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Telling It Like It Is

Sean Hannity has led Fox News to the No. 1 slot on television with his unflinching conservative beliefs
Marshall Fine
From the Print Edition:
100 Years of Fuente—Celebrating a Family Dynasty, January/February 2012

(continued from page 1)

“I never had a grand plan,” Hannity says. “I never thought (FNC president) Roger Ailes would take a chance on a local radio host from Atlanta and put him on TV—and then stick with me when I was not very good. But these things happened.”

Hannity was an itinerant talk show host working as a primetime radio personality in Atlanta, when Ailes discovered him. Ailes, the former Republican media consultant hired by News Corporation’s Rupert Murdoch to create an all-news cable network to challenge CNN, teamed the conservative Hannity with the more liberal Alan Colmes for “Hannity & Colmes,” for a dueling-viewpoint evening talk show.

“Hannity & Colmes” went on the air in the 9 p.m. (ET) slot on FNC on the network’s first day in 1996—and, 15 years later, “Hannity,” minus Colmes (who left to do his own projects in early 2009), still holds down that 9 p.m. timeslot—and regularly beats the competition.

Going solo, Hannity says, only made sense. While he calls Colmes “a dear friend for whom I have a deep respect,” sharing airtime with him could be frustrating—if only because Hannity always felt he had more to say than time to say it. “I’m more interested in thoughtful conversation,” he says. “But the two-man format didn’t lend itself to that kind of discussion. This format lends itself to less interruption. As a result, I feel I can listen better.”

With Colmes and now without him, Hannity remains the only political commentator on the Fox News Channel whose tenure with the network matches the network’s lifespan. “I don’t analyze my longevity—and I don’t analyze my success,” Hannity says. “I was hired to do, not a good job, but a great job—to get ratings and do a good show every night. “In the back of my mind every night is the thought that I might be doing my last show, that somebody is going to catch on to the fact that I never should have been hired. The first six months I was on TV, I was terrible.”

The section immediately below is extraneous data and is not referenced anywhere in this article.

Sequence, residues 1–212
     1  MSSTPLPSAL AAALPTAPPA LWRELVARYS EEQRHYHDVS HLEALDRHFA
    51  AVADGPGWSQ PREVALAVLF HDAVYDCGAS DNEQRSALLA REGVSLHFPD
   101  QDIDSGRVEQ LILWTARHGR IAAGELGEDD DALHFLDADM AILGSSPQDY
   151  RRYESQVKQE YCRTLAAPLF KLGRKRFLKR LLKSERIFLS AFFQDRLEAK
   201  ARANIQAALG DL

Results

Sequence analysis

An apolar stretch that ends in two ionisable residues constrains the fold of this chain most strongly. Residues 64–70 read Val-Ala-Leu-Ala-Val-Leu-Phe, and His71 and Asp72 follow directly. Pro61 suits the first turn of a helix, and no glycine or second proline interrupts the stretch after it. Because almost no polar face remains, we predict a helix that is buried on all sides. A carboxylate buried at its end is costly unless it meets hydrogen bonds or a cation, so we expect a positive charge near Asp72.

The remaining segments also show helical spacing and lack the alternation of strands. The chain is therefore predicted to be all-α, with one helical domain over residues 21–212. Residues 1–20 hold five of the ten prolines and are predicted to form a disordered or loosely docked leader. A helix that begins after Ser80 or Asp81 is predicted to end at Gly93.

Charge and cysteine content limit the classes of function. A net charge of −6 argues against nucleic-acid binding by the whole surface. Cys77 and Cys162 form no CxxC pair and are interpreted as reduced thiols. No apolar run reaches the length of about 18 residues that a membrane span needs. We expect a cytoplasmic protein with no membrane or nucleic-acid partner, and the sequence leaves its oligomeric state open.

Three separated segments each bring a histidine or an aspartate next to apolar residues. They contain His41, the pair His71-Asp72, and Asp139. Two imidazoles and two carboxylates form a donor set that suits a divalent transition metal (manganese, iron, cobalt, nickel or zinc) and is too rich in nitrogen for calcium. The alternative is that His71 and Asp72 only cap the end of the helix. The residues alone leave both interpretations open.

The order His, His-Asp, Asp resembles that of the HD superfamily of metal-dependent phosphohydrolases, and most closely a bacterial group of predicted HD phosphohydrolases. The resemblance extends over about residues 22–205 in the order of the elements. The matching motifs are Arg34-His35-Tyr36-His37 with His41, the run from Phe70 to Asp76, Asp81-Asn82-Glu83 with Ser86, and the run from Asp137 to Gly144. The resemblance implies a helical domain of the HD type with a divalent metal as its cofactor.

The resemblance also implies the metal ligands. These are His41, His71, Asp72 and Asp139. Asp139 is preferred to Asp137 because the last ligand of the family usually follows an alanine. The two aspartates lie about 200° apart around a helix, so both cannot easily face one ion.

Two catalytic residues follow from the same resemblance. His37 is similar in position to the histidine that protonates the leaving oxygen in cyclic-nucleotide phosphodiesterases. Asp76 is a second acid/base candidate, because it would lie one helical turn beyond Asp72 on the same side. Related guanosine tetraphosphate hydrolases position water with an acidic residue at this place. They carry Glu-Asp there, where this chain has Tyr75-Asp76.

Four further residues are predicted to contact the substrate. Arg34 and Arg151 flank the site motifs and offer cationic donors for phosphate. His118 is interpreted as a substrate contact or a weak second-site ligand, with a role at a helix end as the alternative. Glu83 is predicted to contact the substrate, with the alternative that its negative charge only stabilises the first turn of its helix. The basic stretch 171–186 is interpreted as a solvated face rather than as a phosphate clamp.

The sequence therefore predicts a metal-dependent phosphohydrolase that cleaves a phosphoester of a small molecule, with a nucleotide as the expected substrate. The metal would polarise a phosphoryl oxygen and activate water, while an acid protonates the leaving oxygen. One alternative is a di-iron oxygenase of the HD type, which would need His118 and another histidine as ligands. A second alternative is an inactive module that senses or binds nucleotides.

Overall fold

William Shine, senior vice president for programming at FNC and former producer of “Hannity & Colmes,” says, “Sean didn’t have a lot of experience when he started. Now he’s a seasoned veteran. The key was that he eventually became comfortable being in a big, bright room with large cameras and people walking around. That’s not a natural environment. An office is a natural environment; a TV studio isn’t.”

The key to Hannity’s appeal, Shine says, is that “he’s very honest with himself and he’s very true to his convictions. He means what he says. He’s a rock-solid conservative.”

Which comes naturally to the Long Island–reared Hannity: “My parents were very conservative,” he says. “When I was growing up, they had a picture of JFK on their dresser—but the Democratic Party left the values of JFK and moved farther to the left. The greatest influence on me was Ronald Reagan. I followed the news everyday and he inspired me. I cast my first vote for Reagan.”

Indeed, listening to conservative talk radio in the 1970s and 1980s showed Hannity his path in life.

“My vice then was that I was a night owl and I would listen to talk radio,” Hannity says, sitting in his office, decorated with pictures of his two kids, Patrick, 13, and Merri Kelly, 10, and photos of Hannity with celebrities (including one with him, Ailes and former President George W. Bush). “And these guys were the pioneers: Barry Farber, Barry Gray, Bob Grant. I used to call in to their shows. This was during the Iran-Contra hearings and I’d watch those all day—then I’d call in to these radio shows. And I would usually take over the show. I was in the middle of finishing my college degree, but I thought that this was what I wanted to pursue. The first time the light went on and the microphone went live, things just poured out of me.”


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Comments   7 comment(s)

Bill Carrington — New Jersey, U.S.A.,  —  March 22, 2012 3:52pm ET

Hearing this clown likes cigars almost made me sick.


Christy.Melchiors@st-group.com March 22, 2012 9:48pm ET

Wonderful article on Hannity. Being friends with Brad Paisley only makes me like him more!


Donny Payne March 23, 2012 12:43am ET

Seeing Bill's comment made me sick


Gary G. — Southern California,  —  March 23, 2012 9:23am ET

Great article on Sean, and I'd say that about some Democrats too. What makes me sick are those that get sick over differences of opinion.


John Rohrer — Las Vegas, NV., USA,  —  March 23, 2012 10:15am ET

Sean Hannity is a patriot to the Unites States, the Constitution, and the betterment of our Republic. He's unafraid to speak the truth unlike his counterparts in the so called main stream media. Give that man a cigar!


RT Elkin — Coram, NY, 11727,  —  March 25, 2012 6:23pm ET

Hannity speaks perfectly: his diatribes are absolutely unmarked by any semblance of factual content whatsoever. I have it on god note from a former staffer of his that he lights his stogies by placing the foot in his right ear, & holding a lighter to his left — the interior vortex of hot air is more than enough to suck the flame into his skull and provide him with a perfect light every time.


Stephen Allen — Lake Stevens, Washington, USA,  —  March 28, 2012 12:12am ET

I would welcome a chance to smoke a cigar with the man, and I would let him know how much damage he has done to this country. He speaks the truth about as often as I smoke grape flavored cigars (never)!


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